As well as various trains, fox chases, reels and skipping songs, the traditional harp player usually had a variety of hymns, spirituals and other religious pieces in his repertoire. The simple major key melodies of most hymns fitted nicely onto a harmonica and were a good method of learning one's way around the instrument. Several blues harmonica players recorded religious material. Jaybird Coleman recorded two excellent spirituals under the name Frank Palmes1. Sonny Terry recorded with Blind Boy Fuller and Oh Red as "Brother George and his Sanctified Singers" and pieces such as "Beautiful City" were still part of his regular repertoire years later. Many preachers tried to cash in on the popularity of blues records in the 20s and 30s by recording with blues influenced instrumental backing. For example, Elder Richard Bryant recorded in Memphis in 1928 backed by a jug band with a harmonica player2. (It has been suggested that the group was none other than the Memphis Jug Band themselves - they are almost certainly the band behind The Holy Ghost Sanctified Singers' four tracks recorded a couple of years later, with the unmistakable harp playing of Will Shade, reissued on the same CD.)
The harmonica was (and still is) very popular with "one man band" performers. The harp could be held in front of the face by a holder (occasionally also including a kazoo) leaving the hands free to play another instrument, usually a guitar. This set-up was used by performers of religious material as well as blues singers. As an example, I have transcribed the intro to "On My Way To Heaven" by Blind Roger Hays3, a typical one man band gospel singer. Little is know about him, other than he recorded two tracks in New Orleans, in late 1928. The tune is a rather familiar melody, played in 1st position, in this case key of C on a C harp (the recording plays slightly sharp), and should present no difficulties. Notice how it is played with a tongue-blocking style and Hays occasionally lifts his tongue to provide chords under the melody line. I haven't notated these as it would complicate the transcription; in any case, I think it is more important to get the feel of the tune, rather than recreate it note-for-note.
Cross harp can also be used to play gospel tunes. To illustrate this, I have transcribed the intro to "Lord, Don't You Know I Have No Friend Like You" by Sam Jones, alias Stovepipe No.14. Another one man band, this was one of his first issued recordings, made in 1924. Played on a C harp in second position (key of G, but this time the recording plays slightly flat!), this performance is slightly blusier than the Hays piece, due to the bent notes available in this position (notice in particular the bends on the 3rd hole draw - again these have not been notated to avoid cluttering up the transcription, but on listening to the recording, they should be pretty obvious).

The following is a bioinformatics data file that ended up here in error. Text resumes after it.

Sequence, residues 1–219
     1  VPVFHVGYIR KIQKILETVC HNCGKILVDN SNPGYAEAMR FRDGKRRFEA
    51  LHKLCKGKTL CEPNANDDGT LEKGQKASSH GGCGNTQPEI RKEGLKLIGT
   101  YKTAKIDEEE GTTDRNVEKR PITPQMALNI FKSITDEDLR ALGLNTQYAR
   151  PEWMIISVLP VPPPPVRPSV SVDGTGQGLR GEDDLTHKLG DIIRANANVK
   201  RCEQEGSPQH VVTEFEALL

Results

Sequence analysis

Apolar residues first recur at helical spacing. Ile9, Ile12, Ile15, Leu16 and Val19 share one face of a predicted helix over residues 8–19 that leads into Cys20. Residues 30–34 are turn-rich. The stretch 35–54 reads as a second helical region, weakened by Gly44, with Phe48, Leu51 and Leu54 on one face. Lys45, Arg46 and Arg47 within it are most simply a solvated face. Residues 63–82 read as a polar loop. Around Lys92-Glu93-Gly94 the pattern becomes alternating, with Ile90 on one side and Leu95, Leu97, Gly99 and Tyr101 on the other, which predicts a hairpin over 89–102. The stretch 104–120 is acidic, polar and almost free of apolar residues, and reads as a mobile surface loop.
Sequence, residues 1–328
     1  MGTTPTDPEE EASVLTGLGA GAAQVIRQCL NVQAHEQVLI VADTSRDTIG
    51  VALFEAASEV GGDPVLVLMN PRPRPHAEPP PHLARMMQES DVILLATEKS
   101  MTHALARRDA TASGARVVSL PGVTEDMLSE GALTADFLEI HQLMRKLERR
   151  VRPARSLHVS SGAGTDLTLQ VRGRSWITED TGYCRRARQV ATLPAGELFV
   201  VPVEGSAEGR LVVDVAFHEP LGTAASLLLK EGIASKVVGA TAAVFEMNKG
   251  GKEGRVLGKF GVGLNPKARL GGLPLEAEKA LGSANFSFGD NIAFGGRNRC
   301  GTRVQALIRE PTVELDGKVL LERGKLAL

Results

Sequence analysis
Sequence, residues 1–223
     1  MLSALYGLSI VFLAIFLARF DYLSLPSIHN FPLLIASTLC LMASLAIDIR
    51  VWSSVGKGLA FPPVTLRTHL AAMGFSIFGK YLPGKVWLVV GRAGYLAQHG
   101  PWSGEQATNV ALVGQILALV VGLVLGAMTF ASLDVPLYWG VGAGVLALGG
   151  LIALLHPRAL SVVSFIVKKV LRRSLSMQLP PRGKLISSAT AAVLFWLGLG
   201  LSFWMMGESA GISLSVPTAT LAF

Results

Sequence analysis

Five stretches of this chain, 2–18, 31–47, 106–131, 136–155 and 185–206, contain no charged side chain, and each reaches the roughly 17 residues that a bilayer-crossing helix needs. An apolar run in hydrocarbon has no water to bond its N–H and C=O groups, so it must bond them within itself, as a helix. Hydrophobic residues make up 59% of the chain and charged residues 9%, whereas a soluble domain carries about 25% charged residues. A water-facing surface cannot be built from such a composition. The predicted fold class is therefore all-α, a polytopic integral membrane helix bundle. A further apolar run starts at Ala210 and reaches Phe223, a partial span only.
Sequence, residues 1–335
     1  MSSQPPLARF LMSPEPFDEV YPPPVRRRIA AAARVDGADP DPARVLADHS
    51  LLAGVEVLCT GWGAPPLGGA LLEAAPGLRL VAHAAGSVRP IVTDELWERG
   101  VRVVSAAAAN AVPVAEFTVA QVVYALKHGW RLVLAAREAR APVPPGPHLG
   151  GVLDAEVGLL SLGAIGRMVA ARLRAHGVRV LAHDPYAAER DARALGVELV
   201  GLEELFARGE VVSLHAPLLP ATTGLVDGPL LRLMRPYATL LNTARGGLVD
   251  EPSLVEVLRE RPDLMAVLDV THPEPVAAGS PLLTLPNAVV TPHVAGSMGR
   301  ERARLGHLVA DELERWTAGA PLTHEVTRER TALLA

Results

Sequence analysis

If this has given you a taste for gospel on the blues harp, then you can do no better than to check out the work of the Rev. Dan Smith and my own personal favorite, Elder R. Wilson and Family. His half dozen issued tracks are available on the same album as the Roger Hays material and feature a trio of harps wailing in a solid blues style, behind some classic spirituals. I'm also happy to report than Elder Wilson is alive and still wailing, the last I heard5. Perhaps if you "get right with God" and polish up your gospel playing, you'll keep going as long as him!
1. Reissued on Jaybird Coleman and the Birmingham Jug Band 1927 - 1930 (Document DOCD-5140). Click here for more details from Amazon.com or click here for more details from Amazon.co.uk
Since writing this article, I have come to the conclusion that Frank Palmes and Jaybird Coleman were not the same person.
2. Complete works reissued on Memphis Sanctified Jug Bands 1928-30 (Document DOCD-5300). Click here for more details from Amazon.com or click here for more details from Amazon.co.uk
3. Reissued on Sinners And Saints 1926-1931 (DOCD-5106). Click here for more details from Amazon.com or click here for more details from Amazon.co.uk
4. Reissued on Stovepipe No. 1: Complete Recorded Works (1924-1930) (Document DOCD-5269). Click here for more details from Amazon.com or click here for more details from Amazon.co.uk
5. Elder Wilson recorded a critically acclaimed CD in the mid 1990s, This Train (Arhoolie 429), which also includes the six tracks he and his family recorded in 1948. Click here for more details from Amazon.com or click here for more details from Amazon.co.uk
As of 2016, Elder Wilson was still preaching and blowing harp at the age of 105.
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